The ‘London Shoes’ blog this week focused on a topic that has been on my ‘To Do List’ for some time now – but one that I was a little bit self-conscious of doing, for fear of it making me look like the Nerdiest Nerd of Geeksville.
However, when researching the subject I was surprised at how interesting the topic actually turned out to be, especially in terms of London’s history – as the subject matter relates to a particular ‘street fixture’ we all pass by every day and most probably use quite frequently – and just simply take for granted.
So – my quest this week absolutely mullered me 60+Oyster ‘Free Travel’ Card, jumping on and off tube trains, and then traipsing along miles of streets, in search of London’s most historically significant……..“Pillar/Post Boxes”
Before highlighting the more unusual Pillar Boxes across the ‘Smoke’, it might be helpful to set the scene on the historic milestone events that took place in the lead up to the eventual arrival and standardisation of Pillar Boxes throughout the British Isles.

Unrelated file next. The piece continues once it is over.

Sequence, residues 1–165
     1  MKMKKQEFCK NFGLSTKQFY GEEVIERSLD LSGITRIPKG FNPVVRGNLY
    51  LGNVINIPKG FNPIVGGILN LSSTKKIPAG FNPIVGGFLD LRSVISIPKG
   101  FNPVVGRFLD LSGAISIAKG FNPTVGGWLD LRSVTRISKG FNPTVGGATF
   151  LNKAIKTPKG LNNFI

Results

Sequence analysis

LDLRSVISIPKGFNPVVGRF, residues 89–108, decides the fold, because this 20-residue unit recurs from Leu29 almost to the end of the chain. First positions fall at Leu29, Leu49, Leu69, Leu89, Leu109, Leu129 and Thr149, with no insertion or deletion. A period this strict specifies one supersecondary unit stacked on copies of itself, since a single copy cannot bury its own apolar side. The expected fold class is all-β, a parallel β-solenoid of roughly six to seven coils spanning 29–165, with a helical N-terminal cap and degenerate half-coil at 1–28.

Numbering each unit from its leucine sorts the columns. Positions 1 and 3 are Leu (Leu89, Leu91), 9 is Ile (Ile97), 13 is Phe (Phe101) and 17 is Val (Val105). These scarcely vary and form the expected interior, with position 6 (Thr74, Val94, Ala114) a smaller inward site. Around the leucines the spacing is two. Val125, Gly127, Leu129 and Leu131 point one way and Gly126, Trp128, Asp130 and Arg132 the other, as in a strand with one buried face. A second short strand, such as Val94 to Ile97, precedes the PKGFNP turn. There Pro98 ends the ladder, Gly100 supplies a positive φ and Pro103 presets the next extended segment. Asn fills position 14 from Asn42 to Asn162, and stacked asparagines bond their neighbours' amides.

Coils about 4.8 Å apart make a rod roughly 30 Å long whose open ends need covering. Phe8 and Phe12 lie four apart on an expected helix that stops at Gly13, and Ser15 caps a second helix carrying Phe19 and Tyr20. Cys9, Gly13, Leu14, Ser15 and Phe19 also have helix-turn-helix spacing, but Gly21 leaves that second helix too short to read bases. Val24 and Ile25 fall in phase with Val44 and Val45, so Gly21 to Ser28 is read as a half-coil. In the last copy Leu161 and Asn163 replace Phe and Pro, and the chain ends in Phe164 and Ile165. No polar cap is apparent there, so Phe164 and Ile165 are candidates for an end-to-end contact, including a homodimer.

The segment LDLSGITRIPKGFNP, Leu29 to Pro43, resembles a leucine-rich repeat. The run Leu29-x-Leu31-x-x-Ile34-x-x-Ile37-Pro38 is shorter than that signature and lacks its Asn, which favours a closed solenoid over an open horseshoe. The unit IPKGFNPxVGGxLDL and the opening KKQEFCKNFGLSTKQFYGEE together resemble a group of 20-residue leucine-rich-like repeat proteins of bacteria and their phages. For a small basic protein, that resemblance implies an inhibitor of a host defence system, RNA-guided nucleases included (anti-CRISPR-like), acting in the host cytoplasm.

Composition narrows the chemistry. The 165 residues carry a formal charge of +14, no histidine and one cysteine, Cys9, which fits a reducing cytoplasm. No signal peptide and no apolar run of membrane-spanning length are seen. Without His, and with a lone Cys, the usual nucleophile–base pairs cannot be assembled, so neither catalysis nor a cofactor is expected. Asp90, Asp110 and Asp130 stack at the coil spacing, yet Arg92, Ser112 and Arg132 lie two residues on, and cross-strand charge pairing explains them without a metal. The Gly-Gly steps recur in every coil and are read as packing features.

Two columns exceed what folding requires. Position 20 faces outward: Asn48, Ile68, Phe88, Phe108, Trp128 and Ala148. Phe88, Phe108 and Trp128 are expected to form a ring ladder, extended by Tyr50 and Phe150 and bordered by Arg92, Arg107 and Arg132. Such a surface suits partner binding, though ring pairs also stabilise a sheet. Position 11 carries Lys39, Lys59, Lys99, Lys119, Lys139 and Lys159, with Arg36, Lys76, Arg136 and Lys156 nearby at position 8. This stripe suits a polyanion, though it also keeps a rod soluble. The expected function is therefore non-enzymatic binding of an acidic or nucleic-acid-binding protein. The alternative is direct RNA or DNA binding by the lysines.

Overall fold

- Historic records show that a ‘postal service’ of sorts, dates right back to the reign of Henry VIII, as he actually created a “Master of the Posts” position for his Court.
- In 1635 King Charles I made a sort of postal service available to the public, where coach houses would accept deliveries of any packaging for forward transmission to the end of any coach route– all costs were paid out by the recipient of any mail.
- In 1660 King Charles II established the very first ‘General Post Office’ – and by 1784 the first official ‘Mail Coach’ was put into service, running between Bristol and London.
- By 1830 there were ‘Mail Trains’ running between Liverpool and Manchester.
- In 1837 a Rowland Hill invented and launched the very first adhesive ‘stamp’ – an invention that he was knighted for – and the entire postal service was finally standardised throughout the UK.
- In 1840 the first formal and nationally recognised ‘postage stamp’ the “Penny Black” – was launched.
- In 1852 the very first ‘Pillar Box’ was launched (in Jersey), followed by London’s very first pillar box which was formally launched in 1855.
That brief overview leads nicely in line with my search to track down what I believe to be 10 of London’s most intriguing, unusual and historically significant Pillar/Post Boxes still in situ on the City’s streets:-
St. Martin-le-Grand – EC2: